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Originally published Thursday, February 11, 2010 at 5:49 AM

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Obama report: 95,000 jobs to come each month

The United States is likely to add an average of 95,900 more jobs each month this year, while personal savings will remain high as credit remains tight, according to a White House report released Thursday.

Associated Press Writer

WASHINGTON —

The United States is likely to add an average of 95,900 more jobs each month this year, while personal savings will remain high as credit remains tight, according to a White House report released Thursday.

With the public souring on Obama's handling of the economy, the White House's Council of Economic Advisers' report trumpeted the $787 billion economic stimulus package as creating or saving some 2 million jobs. Facing a tough election season for fellow Democrats, Obama's team used its annual report to blame the economy they inherited. The report is required by law within 10 days of the White House's budget proposals.

Obama called on lawmakers to pass a jobs bill to help the economy recovery - and to help incumbents from both parties keep their jobs come November.

In a message to Congress, President Barack Obama looked back at the challenges and ahead to his agenda for dragging the country out of its recession.

"I can report that over the past year, this work has begun. In the coming year, this work continues," Obama said in a letter he sent to the Capitol attached to his economic update to lawmakers. "But to understand where we must go in the next year and beyond, it is important to remember where we began one year ago."

Casting its first year as positive, the administration's 462-page report served as a summary of its logic and a pitch for Obama's future agenda. The economic report to the president is an annual document prepared by the Council of Economic Advisers, the White House's three-person internal think tank.

Recognizing that voters were likely to hold Obama responsible for the economy, the White House team cast blame on their predecessors and unpopular Wall Street bankers.

"I think there's just no way to understate how huge the economic challenges facing the country have been this past year," said Christina Romer, head of the Council of Economic Advisers.

It's not clear whether that strategy would resonate with voters. Republicans were quick to describe the document as propaganda masquerading as governing.

"The Obama administration's report is full of blame for the policies of years past, praise for its own failed policies of the past year and promises about their ideological agenda to grow government," said Republican House Whip Eric Cantor of Virginia.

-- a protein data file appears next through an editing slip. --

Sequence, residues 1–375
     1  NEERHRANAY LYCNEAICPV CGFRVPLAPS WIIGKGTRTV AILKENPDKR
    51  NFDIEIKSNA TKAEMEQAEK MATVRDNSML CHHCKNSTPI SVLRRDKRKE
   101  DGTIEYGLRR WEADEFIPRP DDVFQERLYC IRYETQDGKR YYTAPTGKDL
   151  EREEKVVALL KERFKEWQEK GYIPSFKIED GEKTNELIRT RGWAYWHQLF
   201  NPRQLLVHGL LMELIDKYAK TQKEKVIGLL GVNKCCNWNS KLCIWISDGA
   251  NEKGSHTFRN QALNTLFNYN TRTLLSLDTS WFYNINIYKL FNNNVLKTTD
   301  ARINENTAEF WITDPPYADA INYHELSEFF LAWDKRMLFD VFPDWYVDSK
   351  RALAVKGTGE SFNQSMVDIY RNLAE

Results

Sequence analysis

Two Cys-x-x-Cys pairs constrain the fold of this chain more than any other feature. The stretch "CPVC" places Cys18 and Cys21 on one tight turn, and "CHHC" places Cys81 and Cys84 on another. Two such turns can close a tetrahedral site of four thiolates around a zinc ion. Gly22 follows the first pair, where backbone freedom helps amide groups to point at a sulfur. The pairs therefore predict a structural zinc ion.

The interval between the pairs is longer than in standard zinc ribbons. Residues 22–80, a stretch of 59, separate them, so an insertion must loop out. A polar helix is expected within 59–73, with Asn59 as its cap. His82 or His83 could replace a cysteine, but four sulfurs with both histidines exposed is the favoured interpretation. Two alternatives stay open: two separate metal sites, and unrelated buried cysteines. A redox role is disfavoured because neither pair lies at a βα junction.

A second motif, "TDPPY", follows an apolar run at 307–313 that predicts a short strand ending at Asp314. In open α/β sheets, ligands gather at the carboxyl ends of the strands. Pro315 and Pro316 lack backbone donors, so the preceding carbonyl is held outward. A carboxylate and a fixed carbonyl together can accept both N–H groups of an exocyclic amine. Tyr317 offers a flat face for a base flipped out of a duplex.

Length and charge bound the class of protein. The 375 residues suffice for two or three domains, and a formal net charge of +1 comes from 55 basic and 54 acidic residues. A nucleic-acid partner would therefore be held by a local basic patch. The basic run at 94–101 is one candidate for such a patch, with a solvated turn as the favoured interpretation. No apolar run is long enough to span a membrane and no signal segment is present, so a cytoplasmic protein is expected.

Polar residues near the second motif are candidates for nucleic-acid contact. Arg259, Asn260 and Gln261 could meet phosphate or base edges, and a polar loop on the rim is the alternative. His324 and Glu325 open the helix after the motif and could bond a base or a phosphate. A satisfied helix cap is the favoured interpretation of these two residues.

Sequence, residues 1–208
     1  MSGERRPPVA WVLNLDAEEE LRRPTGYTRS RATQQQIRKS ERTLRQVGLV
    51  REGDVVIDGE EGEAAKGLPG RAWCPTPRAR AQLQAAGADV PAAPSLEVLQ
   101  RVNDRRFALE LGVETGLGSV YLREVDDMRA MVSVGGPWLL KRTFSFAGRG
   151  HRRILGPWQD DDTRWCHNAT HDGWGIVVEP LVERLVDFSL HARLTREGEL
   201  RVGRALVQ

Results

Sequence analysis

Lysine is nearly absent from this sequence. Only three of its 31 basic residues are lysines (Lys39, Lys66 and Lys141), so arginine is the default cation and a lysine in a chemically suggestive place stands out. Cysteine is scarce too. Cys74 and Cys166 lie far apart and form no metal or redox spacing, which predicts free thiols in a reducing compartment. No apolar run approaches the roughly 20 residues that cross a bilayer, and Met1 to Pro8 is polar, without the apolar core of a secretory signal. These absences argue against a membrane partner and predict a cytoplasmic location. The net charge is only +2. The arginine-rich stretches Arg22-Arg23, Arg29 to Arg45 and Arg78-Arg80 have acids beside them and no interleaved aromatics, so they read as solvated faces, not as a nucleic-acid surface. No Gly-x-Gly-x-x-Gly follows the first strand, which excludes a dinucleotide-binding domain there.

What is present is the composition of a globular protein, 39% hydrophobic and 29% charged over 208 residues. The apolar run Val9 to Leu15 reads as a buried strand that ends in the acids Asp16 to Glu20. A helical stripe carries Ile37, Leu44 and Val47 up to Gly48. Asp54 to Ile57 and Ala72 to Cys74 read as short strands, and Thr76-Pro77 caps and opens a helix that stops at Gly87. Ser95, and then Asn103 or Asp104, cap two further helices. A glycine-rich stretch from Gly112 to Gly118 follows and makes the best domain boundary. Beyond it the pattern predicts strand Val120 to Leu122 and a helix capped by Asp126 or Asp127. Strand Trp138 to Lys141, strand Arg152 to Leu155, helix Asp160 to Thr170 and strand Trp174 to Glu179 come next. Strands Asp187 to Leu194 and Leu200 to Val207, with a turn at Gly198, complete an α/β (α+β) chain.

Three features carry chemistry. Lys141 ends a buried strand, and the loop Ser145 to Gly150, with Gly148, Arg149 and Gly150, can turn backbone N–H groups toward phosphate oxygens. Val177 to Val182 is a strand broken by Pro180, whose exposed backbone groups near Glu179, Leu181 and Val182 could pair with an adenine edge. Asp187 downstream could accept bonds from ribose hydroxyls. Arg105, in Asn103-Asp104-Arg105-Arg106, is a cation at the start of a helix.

"Instead of praising themselves and blaming others, a greater focus on small businesses and smart solutions to reduce uncertainty and create jobs would be welcomed and is long overdue," Cantor said.

The White House defended its report, casting it as a summary of the administration's approach to an economy that was on the brink of collapse when Obama took office just more than a year ago.

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"We didn't need a report from Dr. Romer to justify taking extraordinary action to save our economy; 763,000 people in January of 2009 lost their job," press secretary Robert Gibbs said. "I don't think you need more evidence that something had to be done."

Indeed, even adding an average of 95,000 jobs each month, unemployment is likely to remain around 10 percent through this year and not fall below 6 percent until 2015, the report said. And while Americans are likely to save more for big-ticket items such as homes or cars, it means a slower recovery for a nation that has lost 8.4 million net jobs since this recession began in December 2007.

Mark Zandi, founder of Moody's Economy.com and a frequent adviser to lawmakers, said the White House economic projections track his own. A jobs bill worth $100 billion to $150 billion, he said, would help lower unemployment rates.

That also lines up with a bipartisan Senate proposal that promises to add 80,000 to 180,000 jobs over a year.

Americans, meanwhile, would continue to save at high rates - somewhere in the 4 percent to 7 percent range - until the financial services sector eases lending.

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Associated Press writer Jim Kuhnhenn contributed to this report.

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